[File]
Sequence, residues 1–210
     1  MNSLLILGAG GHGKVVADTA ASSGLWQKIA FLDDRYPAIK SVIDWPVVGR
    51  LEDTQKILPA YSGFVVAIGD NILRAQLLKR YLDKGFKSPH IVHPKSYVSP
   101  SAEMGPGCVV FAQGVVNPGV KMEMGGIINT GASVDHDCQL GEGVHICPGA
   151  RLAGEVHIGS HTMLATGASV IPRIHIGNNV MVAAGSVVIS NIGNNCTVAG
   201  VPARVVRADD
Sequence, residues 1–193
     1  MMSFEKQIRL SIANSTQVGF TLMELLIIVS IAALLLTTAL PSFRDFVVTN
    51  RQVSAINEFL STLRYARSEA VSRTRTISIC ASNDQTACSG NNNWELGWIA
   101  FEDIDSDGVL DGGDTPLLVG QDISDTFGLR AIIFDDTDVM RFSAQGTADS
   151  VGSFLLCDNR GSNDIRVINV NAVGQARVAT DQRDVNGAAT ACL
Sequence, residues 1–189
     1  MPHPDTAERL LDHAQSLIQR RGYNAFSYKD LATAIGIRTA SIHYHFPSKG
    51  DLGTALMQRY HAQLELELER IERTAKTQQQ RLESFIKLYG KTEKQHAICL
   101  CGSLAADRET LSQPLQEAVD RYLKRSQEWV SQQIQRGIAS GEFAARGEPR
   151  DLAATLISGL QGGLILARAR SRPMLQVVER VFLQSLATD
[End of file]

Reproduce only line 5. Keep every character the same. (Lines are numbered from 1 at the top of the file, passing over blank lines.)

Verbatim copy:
   151  RLAGEVHIGS HTMLATGASV IPRIHIGNNV MVAAGSVVIS NIGNNCTVAG